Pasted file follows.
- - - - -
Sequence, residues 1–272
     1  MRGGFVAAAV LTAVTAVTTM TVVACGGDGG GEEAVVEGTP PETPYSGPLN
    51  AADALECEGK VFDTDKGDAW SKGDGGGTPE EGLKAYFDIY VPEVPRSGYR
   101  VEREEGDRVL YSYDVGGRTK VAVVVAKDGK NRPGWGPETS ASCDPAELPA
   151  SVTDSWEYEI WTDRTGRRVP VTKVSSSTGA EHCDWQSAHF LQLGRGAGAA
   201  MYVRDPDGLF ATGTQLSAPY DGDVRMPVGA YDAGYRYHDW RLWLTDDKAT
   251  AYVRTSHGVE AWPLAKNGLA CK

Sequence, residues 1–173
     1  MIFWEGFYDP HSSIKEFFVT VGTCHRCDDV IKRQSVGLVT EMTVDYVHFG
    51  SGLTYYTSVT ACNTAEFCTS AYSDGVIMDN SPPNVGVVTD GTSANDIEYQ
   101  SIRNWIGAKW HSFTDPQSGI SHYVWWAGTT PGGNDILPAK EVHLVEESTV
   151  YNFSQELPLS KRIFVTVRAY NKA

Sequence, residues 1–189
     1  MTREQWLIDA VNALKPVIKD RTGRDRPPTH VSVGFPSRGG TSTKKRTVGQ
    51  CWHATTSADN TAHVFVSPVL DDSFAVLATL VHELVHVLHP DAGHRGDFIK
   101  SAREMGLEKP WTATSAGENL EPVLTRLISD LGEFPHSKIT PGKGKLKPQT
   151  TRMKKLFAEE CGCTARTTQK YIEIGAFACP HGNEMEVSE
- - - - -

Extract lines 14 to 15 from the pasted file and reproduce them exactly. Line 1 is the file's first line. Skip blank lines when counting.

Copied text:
     1  MTREQWLIDA VNALKPVIKD RTGRDRPPTH VSVGFPSRGG TSTKKRTVGQ
    51  CWHATTSADN TAHVFVSPVL DDSFAVLATL VHELVHVLHP DAGHRGDFIK